A Message From Louise

When the wonderful Wisconsin couple found our message in a bottle last weekend, it was Pat, the husband, who originally reached out to me. We exchanged a few emails, and it was so surprising and exciting to learn that our bottle had been found!

A few days later, his wife, Louise, also reached out to me. I fancy myself a writer, but Louise shares her experience like a true storyteller.

Here’s what she wrote:

Last Sunday it was delightfully warm on the beach in Wisconsin. I was “beach combing” after the winter, as we walked looking for stray toys and such that we typically need to clean up or find when I spotted your bottle in some grass way up from the edge of the water. Truly one of the most delightful fun surprises of my life!  Who would have ever imagined actually finding a bottle with a message in it?!  Stuff of literature and movies, but actually?

I considered saving it to open with my grandsons but couldn’t wait. Don’t worry, as you can see by the picture, I carefully replaced everything and will let them explore and enjoy it for themselves this summer. I know my two year old granddaughter will love the necklace. I placed the refilled bottle on a mantle in our house with other treasured natural mementos from walks on the beach like driftwood, turkey feathers, sea glass, a monarch butterfly, zebra mussel shells, coal, rocks, pine cones and a vase that was my great grandmother’s.

My husband and I have 8 kids and so far 10 grandkids. We love and respect the lake in all seasons and weather. It constantly changes and surprises. It reminds us of our place in this awesome universe and our responsibility to live well and respectfully in it. I will think of your family and wish the best for you whenever I look at my unexpected gift from the deep.

Bless you and safe travels.

Our message in a bottle, displayed with other treasures on Pat and Louise's mantle.

Our message in a bottle, displayed with other treasures on Pat and Louise’s mantle.

Message Received!

Ready to Throw!Our Message in a Bottle was found!

As some of you may remember, during our sail back from Door County during our cruise this summer, Claire, Aaron and I spent a few days putting together a message in a bottle. (Read the original blog post here.) We drew pictures and wrote a note, Claire made a special bead necklace, we corked it, and Claire tossed it overboard on a chilly and overcast afternoon, somewhere offshore between Kewaunee and Sheboygan, Wisc.

Knowing that it would likely never be found, I viewed it more as a fun exercise with Claire and an offering to the mighty Lake Michigan that had taken such good care of us.

But yesterday morning, just shy of six months later, I booted up my computer to check my email and was greeted with a wonderful note from Pat, from Belgium, Wisc. It seems that he and his wife took advantage of an exceptionally warm late-February weekend to take a stroll along the beach for the first time in months, and lo and behold, his wife spotted our repurposed Door County wine bottle sitting on the beach.

What are the chances?! I tried to do some research on this. A quick Google search for these time capsules found in the Great Lakes yielded quite a few results, and some captivating stories of artifacts preserved for more than 75 years. But 10, even 15 accounts (at least, covered in newspaper articles) in the grand scheme of things is almost nothing. The truth, also, is that fewer people are doing this, for two reasons. First, writing actual letters with pen and paper is a forgotten art. Second, throwing anything into the water is considered littering and a non-starter, both in and out of the boating community. It’s definitely something we take very seriously on Clarity, though I was willing to make this one exception.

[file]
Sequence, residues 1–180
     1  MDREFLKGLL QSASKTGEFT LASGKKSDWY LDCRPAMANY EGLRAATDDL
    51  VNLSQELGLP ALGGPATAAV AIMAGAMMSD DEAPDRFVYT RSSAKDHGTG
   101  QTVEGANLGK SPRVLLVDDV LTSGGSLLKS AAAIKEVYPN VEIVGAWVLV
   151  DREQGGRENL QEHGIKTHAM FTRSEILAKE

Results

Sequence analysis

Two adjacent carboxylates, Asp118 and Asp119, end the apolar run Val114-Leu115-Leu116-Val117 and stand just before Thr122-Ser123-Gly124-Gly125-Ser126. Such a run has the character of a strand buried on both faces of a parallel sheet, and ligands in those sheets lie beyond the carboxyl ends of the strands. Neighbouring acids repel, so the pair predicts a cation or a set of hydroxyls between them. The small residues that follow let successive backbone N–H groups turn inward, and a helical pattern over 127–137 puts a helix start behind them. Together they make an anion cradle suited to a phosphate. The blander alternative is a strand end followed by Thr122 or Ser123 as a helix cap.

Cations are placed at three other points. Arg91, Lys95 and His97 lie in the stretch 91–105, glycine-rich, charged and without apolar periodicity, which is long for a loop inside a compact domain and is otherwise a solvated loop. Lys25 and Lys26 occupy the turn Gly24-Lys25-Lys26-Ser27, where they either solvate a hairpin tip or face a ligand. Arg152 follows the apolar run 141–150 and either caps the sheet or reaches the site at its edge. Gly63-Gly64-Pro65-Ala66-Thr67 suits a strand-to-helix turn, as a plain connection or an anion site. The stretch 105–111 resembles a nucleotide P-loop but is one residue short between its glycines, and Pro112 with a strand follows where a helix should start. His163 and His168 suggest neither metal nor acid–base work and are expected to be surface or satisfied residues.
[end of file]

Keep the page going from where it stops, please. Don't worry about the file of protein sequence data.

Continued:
In all accounts, though, finding a message in a bottle was a momentous and fascinating occasion.

Our bottle’s journey was determined by a combination of waves, winds, weather and current. We also never ventured more than 10 nautical miles offshore during those sails back south to Chicago, and in Lake Michigan, it’s not as though tides or the gulf stream can further influence the trajectory.

Calculating the distance from where we likely tossed the bottle, to the shoreline just east of Belgium, our little care package traveled 40-50 nautical miles. The true miracle is that the bottle happened to wash ashore and be preserved (albeit a short time) long enough to be found, and in a location that just happened to be visited by a couple on a random afternoon walk.

Pat and I exchanged a lovely email correspondence, and it warms my heart to know that he and his wife treasured receiving our bottle as much as we treasured making it those cloudy, foggy days back in September. All the best to you, Pat! I hope the beaded necklace is just your size :).

Message In A Bottle

While enjoying a peppery Door County port a week ago, I noticed that the bottle would be a perfect vessel for a message sent out to sea. And with a week of longer sails ahead and plenty of time to keep the kiddo entertained, I thought it might be a perfect project to do with Claire while underway.

The first day, we drew pictures in the cockpit. Hers was a big purple heart with a snowman on the other side (of course), mine was a silly caricature of our boat and family, and Aaron drew an s/v Clarity compass. The next day, Claire spent the better part of an afternoon in her cabin, sorting her beads and making a beautiful necklace on a shoelace. And I penned a letter to whoever finds our bottle, or the powers that be.